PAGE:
For most of my life, I've dreamed of a life full of weekend wilderness. Something about that just appealed to me. It's part an obsession with camping gear (all of the best innovations in fabric and materials exist here), and part a desperate aspiration for a different life where I could do things like that without sweating too much. Living in California lets me do that: without ants, cockroaches, sweat, or humidity! This past weekend, I went out with a group to Point Reyes' Wildcat campground and did a bunch of trails. The 2 nights I spent without a shower were worth it. The dehydrated backpacker food was not.
Some of you may know that I have spent the last 9 years or so working to support children's education in Jharkhand, India. In better times I visit them 2-3x a year. I want to share something that stuck with me the last time I went: one of the girls we work with showed us their daily schedule.
There comes a time when you might want to leave the Apple walled garden. Or you just want redundant backups. As part of your photo backup strategy, consider running a cron job to regularly backup your iCloud photos using this cli tool.
I returned to Singapore for some essential travel in the midst of a new COVID-19 surge. The hotel quarantine, initially set at 14 days, became 21 days. We were in a fancy hotel and I got a lot of time to work on side projects. From cooking to server work and learning, I am doing it all.
Once I could, I traveled fanatically and obsessively. I traveled all the time. I never wrote about those days as much as I imagined I would, despite minor blogging celebrity status in those days. I’m not sure why. I didn’t feel ready. I didn’t feel like I knew a lot. I was 18, and I didn’t know a thing at all. Maybe I still don’t, but with the passage of time I feel better equipped to tell those stories without only the romance.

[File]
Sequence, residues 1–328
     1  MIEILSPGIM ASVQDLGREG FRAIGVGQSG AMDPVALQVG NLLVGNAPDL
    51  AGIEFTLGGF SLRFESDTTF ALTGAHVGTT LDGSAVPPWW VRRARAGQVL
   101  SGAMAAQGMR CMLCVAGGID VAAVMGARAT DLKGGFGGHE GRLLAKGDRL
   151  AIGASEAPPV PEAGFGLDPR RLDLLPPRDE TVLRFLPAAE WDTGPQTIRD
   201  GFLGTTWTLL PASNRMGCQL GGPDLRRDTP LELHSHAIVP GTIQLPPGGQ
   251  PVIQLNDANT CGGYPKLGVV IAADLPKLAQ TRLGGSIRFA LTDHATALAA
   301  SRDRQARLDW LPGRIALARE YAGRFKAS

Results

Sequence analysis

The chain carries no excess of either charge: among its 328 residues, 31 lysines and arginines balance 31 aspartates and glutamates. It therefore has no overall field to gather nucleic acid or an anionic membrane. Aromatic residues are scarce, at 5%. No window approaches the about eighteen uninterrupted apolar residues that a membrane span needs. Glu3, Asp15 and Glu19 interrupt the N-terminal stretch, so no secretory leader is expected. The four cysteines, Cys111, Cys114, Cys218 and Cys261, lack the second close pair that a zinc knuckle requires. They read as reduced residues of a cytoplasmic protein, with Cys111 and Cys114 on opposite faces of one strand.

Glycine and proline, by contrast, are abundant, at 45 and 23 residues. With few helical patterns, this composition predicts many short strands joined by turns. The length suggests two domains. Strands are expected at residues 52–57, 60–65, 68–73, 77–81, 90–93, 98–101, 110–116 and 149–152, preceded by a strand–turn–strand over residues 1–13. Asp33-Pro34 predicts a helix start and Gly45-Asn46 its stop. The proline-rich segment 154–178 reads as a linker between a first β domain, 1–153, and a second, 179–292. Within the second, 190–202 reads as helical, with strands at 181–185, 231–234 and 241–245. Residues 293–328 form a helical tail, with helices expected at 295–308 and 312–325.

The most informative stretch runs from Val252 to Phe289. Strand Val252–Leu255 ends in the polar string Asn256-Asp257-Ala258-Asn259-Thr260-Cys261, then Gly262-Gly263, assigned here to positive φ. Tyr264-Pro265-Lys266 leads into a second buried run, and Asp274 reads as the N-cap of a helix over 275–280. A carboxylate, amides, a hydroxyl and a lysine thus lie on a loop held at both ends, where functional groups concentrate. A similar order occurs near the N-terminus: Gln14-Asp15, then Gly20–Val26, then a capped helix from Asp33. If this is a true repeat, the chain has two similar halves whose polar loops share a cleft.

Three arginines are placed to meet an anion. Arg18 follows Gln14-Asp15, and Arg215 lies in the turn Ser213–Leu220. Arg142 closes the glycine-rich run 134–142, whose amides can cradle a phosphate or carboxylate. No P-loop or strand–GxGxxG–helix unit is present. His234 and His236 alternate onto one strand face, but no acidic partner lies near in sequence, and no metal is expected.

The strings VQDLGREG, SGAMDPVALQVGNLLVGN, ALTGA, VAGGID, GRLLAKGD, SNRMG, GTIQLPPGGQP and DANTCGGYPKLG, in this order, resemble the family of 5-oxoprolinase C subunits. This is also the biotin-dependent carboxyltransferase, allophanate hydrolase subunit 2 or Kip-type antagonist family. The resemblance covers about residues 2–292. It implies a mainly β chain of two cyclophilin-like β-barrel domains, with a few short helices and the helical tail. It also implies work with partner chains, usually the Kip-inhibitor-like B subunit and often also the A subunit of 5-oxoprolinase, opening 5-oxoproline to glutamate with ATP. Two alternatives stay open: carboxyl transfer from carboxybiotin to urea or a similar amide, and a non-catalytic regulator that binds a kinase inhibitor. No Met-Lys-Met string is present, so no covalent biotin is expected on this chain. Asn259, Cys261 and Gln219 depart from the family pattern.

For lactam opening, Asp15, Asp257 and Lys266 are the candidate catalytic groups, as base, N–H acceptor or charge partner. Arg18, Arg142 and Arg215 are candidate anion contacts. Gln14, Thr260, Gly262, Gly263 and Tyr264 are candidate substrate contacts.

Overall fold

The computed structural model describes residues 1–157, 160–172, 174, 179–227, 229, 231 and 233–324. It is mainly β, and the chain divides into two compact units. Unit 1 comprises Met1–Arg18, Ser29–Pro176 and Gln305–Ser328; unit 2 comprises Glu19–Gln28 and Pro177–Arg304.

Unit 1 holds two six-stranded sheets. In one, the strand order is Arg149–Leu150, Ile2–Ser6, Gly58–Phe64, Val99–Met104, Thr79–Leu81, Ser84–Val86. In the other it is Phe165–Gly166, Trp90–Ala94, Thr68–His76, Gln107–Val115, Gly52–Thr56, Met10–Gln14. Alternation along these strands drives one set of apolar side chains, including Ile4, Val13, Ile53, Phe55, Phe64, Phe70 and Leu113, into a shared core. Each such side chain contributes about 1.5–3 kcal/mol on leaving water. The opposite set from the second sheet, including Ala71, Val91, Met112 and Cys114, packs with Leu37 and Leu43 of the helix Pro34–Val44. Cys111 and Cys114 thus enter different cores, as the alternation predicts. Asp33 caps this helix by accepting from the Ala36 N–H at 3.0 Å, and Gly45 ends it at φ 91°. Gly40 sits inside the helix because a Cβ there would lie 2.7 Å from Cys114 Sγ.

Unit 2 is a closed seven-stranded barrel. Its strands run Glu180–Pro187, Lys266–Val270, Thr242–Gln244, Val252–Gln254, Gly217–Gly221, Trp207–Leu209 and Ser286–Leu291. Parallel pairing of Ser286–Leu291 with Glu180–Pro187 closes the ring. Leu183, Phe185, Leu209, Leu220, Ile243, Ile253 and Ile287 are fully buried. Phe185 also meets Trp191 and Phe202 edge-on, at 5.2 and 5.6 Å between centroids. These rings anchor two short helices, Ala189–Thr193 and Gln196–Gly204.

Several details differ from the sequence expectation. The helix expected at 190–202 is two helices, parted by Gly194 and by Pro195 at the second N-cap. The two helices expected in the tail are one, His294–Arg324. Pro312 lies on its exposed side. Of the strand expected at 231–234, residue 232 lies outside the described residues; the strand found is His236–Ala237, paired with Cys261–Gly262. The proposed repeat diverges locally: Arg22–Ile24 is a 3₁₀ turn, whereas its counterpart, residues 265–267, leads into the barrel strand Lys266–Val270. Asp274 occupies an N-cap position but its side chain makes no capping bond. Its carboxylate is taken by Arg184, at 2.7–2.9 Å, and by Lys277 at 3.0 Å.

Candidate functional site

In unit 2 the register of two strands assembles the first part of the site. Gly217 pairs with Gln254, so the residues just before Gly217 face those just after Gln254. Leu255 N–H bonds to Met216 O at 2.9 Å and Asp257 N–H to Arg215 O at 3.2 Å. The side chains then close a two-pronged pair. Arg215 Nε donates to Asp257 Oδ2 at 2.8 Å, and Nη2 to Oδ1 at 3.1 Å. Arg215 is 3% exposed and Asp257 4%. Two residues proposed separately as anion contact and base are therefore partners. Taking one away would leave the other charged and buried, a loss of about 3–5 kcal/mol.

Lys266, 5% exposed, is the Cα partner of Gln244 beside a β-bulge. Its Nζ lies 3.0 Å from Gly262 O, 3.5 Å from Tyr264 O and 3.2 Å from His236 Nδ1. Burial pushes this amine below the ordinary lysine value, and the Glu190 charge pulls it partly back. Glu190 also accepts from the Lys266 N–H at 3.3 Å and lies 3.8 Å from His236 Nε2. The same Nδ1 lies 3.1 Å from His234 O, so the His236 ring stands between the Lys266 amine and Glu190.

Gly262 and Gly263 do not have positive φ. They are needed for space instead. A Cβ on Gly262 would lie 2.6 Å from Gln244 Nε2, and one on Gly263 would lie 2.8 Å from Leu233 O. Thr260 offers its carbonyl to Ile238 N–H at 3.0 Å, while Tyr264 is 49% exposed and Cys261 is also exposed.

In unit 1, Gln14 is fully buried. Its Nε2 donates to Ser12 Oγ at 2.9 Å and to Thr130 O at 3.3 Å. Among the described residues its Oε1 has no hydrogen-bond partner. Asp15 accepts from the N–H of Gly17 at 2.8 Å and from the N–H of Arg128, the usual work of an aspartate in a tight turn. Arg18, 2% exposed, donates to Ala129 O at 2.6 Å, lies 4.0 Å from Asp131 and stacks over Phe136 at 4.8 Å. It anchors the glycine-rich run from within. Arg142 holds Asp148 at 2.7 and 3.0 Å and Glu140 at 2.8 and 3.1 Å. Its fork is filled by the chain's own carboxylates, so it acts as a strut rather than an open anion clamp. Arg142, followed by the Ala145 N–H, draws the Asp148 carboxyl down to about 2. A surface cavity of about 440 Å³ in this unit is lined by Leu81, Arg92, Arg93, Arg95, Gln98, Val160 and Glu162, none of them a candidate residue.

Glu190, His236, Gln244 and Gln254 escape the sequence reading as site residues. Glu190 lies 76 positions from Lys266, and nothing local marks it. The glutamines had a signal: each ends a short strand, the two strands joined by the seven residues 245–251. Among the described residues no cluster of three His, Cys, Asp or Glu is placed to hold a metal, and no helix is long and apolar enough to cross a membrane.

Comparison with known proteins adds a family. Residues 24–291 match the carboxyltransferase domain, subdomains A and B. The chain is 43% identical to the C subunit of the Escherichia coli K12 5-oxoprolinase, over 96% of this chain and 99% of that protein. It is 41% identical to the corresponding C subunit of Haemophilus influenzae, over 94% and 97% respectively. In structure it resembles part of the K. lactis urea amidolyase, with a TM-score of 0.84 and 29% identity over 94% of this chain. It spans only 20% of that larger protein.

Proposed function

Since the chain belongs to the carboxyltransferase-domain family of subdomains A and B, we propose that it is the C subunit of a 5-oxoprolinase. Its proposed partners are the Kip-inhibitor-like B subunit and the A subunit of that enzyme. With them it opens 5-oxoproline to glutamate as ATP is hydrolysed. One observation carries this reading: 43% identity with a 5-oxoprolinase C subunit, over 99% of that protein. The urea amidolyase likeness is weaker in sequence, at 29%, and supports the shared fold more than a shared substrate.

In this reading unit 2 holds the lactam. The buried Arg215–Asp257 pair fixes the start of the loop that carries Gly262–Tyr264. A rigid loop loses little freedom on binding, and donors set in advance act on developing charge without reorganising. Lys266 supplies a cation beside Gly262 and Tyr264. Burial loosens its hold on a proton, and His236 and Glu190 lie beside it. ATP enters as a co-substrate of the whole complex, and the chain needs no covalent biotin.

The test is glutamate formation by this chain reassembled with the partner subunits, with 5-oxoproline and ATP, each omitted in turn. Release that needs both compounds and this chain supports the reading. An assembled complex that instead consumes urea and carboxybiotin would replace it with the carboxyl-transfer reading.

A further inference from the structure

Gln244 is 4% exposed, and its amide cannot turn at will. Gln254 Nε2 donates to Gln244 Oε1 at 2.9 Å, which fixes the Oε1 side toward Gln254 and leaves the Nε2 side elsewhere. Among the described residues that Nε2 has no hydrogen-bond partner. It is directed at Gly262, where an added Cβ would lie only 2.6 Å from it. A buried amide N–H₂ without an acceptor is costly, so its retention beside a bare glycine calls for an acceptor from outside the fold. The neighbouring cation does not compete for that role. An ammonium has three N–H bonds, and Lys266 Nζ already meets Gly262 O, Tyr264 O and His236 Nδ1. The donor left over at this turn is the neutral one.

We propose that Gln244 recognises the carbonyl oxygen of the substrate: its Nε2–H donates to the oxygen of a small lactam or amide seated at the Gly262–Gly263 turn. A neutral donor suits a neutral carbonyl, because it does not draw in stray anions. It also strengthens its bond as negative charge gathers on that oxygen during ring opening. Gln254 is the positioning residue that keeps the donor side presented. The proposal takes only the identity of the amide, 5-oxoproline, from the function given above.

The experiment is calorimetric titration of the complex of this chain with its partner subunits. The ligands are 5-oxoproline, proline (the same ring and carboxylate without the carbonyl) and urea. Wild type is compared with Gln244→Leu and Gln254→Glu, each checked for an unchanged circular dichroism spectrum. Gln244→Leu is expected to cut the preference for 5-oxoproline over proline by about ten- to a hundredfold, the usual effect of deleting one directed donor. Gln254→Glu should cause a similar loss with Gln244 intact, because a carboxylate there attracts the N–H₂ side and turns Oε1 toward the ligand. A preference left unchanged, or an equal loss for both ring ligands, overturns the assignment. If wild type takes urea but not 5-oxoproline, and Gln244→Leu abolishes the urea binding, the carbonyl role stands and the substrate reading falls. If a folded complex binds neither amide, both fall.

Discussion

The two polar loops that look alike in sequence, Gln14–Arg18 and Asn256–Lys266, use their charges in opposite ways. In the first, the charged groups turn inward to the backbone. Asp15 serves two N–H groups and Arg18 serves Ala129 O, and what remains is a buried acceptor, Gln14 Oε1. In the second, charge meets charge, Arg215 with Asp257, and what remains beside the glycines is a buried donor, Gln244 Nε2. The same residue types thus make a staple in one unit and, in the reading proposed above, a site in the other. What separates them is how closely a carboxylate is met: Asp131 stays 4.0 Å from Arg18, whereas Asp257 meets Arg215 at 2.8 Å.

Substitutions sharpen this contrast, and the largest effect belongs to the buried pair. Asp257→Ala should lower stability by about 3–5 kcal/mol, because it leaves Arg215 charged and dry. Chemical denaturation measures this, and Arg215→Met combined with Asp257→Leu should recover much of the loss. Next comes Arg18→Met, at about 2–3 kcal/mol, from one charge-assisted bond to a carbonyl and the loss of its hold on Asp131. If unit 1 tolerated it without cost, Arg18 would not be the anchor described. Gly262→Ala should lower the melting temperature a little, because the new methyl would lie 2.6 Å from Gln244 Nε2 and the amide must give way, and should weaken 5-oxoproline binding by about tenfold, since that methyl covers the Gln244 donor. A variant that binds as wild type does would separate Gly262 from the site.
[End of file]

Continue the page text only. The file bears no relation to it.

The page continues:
My therapist says everyone is struggling with not being able to plan ahead for anything, right now. When your planning needs to involve multiple people, passports and locations, it looks a little bit like this.
I turn 35 tonight. When I was a younger queer kid I used to wonder, "what will life be like at 35?" Somehow, that age became the barometer for how happy I might be as a queer person in a place and time that was not friendly to any of that. So, what is it like?
I recently picked up my film camera again. I forgot how to rewind my film and accidentally leaked light all over the roll. I like the 'spoiled' look, however. In the roll, I have photos from Singapore and San Francisco, both of my homes.
Last night, I started posting snippets of the things I have done, the places I have been, the places I have gone. Where they might have felt jumbled up and messy on a blog or Facebook post, the Twitter thread / tweetstorm format seemed to be a natural home for my adventures. Because that's what it felt like: a series of jumping through time and space, zooming through many different challenges, having many opportunities. Today, I am grateful for the mess that my early adulthood sometimes felt like.
I was a startup founder for several years. Most of that time was unglamorous, terrible and difficult. It was one of the hardest things I'd done. I wanted to share, at that point, what that was all about.
When I was growing up, I thought all families had the same weekend lunches as mine: a giant cauldron of yellow noodles, simmered. When my grandmother died, I thought about that simple dish often. How she conjured love out of a few basic ingredients.
Between 2012 and 2014 I spent significant amounts of time in Myanmar, which was just 'opening up' at the time. My ability to speak various Asian languages opened up an interesting world of street conversations for me, that helped me learn bits of the country I might have never known in just English.
In 2013 when I had just moved home to Singapore, the country was going through some changes, supposedly because of 'mass immigration'. I had hoped that Singaporeans would welcome all foreigners, not just the 'correct' ones. It was an exhausting time of rising xenophobia.